Buy, sell or stand pat?

Red Sox, Orioles and D-backs are in a tough spot as trade deadline nears

Updated: July 27, 2012, 3:47 PM ET
ESPN.com

1. Red Sox: Buy, sell or stand pat?

Red Sox

Nick J. Faleris (@NickJFaleris ), Camden Depot: Buy. The offense is a non-issue, as the Red Sox are fifth in the AL in wOBA (.328) and are just now enjoying the return of Jacoby Ellsbury and the revitalization of Adrian Gonzalez. A strong season on the farm means Boston has the pieces for an arm; Theo Epstein in Chicago has wares to sell -- Ryan Dempster and Matt Garza -- and a familiarity with BoSox prospects.

Michael Baumann (@atomicruckus ), Crashburn Alley: Stand pat. Boston is 4½ games out of the wild card despite having about as bad a first 100 games as we could have expected. Between injuries, the bizarre ineffectiveness of their top starters and Bobby Valentine managing with all the panache and sensitivity of Captain Bligh, things should start to look up simply because they can't get any worse.

Matt Meyers (@mtmeyers ), ESPN.com: Buy. However, they should only be looking to trade for guys they can control beyond this year, such as Matt Garza. For me, you should only trade for a rental if it significantly increases your chances of winning the division, which is more meaningful in the two wild-card environment.


2. Diamondbacks: Buy, sell or stand pat?

Diamondbacks

Faleris: Stand pat. The buzz has been around Justin Upton's supposed availability, but moving him makes little sense unless it is for a fleet of impact youngsters. The Pirates, Cardinals and Braves are a tough troika to leapfrog, not to mention the Dodgers who now have Matt Kemp back. The D-backs would be wise to stick to the script and ride their stable of young arms to contention in 2013 and beyond.

Baumann: Stand pat. Not close enough to buy, but too much future potential to sell. Arizona could still take advantage of a joint Dodger/Giant collapse if and when it happens. Otherwise, patience has to be the word for a team that stands poised to have a fantastic young rotation and a rebounding Upton in a weak division next year.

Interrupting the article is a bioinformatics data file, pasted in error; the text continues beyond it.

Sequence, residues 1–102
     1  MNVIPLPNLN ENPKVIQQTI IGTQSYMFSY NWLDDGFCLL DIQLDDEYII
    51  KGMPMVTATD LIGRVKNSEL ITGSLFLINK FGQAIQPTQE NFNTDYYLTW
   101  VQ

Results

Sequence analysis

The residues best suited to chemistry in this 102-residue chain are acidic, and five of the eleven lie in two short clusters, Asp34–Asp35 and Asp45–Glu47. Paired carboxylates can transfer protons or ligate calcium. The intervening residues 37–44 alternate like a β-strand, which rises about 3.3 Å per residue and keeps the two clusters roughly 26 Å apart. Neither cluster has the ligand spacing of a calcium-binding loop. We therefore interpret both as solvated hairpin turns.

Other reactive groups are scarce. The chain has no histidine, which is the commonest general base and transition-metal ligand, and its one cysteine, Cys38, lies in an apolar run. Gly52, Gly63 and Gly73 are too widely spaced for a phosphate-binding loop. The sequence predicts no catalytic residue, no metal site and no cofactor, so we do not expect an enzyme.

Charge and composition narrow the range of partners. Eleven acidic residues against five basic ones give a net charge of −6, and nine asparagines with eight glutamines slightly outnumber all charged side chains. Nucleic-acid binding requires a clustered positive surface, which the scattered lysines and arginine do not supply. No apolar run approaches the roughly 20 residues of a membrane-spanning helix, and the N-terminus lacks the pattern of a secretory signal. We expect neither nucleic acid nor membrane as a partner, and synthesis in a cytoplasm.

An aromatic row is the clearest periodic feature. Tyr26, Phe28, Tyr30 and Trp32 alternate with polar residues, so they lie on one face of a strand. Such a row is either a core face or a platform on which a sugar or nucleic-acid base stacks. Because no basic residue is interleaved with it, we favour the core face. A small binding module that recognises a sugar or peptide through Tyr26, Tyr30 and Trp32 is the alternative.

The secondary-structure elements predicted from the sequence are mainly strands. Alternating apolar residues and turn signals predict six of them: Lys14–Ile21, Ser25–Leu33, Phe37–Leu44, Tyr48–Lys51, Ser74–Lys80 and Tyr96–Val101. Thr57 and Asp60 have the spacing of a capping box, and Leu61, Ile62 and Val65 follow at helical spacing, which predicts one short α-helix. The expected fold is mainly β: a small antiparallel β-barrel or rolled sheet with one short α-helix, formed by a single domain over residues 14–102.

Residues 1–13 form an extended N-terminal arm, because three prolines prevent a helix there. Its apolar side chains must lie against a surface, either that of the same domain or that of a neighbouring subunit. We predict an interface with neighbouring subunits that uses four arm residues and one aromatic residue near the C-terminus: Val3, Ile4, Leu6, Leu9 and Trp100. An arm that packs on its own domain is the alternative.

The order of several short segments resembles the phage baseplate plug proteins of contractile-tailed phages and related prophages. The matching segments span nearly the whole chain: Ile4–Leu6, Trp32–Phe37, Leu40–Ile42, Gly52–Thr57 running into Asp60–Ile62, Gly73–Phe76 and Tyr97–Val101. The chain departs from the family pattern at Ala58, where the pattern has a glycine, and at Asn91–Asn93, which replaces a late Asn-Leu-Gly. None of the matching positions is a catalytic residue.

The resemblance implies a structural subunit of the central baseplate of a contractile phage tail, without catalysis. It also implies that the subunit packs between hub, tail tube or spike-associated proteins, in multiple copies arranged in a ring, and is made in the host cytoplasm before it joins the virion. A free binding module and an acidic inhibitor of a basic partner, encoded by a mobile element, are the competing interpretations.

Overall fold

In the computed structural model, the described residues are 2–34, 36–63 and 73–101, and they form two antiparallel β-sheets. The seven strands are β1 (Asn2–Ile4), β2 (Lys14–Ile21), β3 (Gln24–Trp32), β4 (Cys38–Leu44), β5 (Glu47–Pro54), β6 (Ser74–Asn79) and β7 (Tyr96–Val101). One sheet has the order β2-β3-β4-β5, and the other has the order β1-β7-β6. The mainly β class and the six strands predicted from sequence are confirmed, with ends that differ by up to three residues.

Meyers: Stand pat. On paper, this team is at least as talented as the Dodgers and Giants, but they are 6½ back of San Francisco, and I don't think they should be trading any of their talented young arms, such as Tyler Skaggs, Trevor Bauer or Archie Bradley, for a run this year. The whole Upton saga has cast a cloud over the organization, and I think they need to reassess where they are this winter.


3. Orioles: Buy, sell or stand pat?

Orioles

Faleris: Go big or go home. Small moves are unlikely to help the O's with their seemingly unsustainable playoff run. A down year on the farm means the "untouchable" duo of Dylan Bundy and Manny Machado are now "touchable" if GM Dan Duquette wants to try and chase the playoffs. Baltimore needs to land an impact bat (Chase Headley) and arm (Zack Greinke), which could mean an aggregate cost of Machado, Jonathan Schoop, Jake Arrieta, Brian Matusz and more. Is it worth it for a coin flip shot at the wild card?

Baumann: Sell. That the Orioles are 1½ games out of the wild card with a minus-53 run differential on the last weekend in July is a testament to an excellent bullpen and the cruel vagaries of fate in the American League. The Orioles have the players necessary to build a contender: They're named Dylan Bundy and Manny Machado, and neither will be in the majors anytime soon. Sell high on the overachievers and get ready to go all-in in two or three years.

Meyers: This team has been outscored by 53 runs, about the same as Kansas City. The O's success is a mirage, and while I think their best course of action is to sell, that would be a PR nightmare. They need to sit tight and hope to compete in two years when Matt Wieters and Adam Jones are joined by Machado and Bundy.